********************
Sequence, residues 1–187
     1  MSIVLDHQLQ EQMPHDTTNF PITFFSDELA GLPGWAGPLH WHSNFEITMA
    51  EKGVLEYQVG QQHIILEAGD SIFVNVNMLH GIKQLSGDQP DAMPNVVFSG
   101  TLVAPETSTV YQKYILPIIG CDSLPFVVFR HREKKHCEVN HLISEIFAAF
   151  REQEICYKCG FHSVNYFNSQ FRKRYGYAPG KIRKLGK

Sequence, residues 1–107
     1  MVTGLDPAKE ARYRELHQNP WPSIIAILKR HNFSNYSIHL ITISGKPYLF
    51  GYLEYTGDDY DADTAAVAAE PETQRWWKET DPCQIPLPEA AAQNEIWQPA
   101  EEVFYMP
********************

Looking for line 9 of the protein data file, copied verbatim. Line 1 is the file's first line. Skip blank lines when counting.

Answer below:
   101  EEVFYMP